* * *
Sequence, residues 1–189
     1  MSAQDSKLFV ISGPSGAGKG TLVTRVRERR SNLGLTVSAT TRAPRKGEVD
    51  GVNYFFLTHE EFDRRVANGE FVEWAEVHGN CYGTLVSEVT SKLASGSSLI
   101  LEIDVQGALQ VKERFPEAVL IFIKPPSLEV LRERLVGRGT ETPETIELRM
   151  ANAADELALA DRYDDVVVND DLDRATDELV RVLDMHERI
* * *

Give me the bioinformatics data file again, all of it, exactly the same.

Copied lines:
Sequence, residues 1–189
     1  MSAQDSKLFV ISGPSGAGKG TLVTRVRERR SNLGLTVSAT TRAPRKGEVD
    51  GVNYFFLTHE EFDRRVANGE FVEWAEVHGN CYGTLVSEVT SKLASGSSLI
   101  LEIDVQGALQ VKERFPEAVL IFIKPPSLEV LRERLVGRGT ETPETIELRM
   151  ANAADELALA DRYDDVVVND DLDRATDELV RVLDMHERI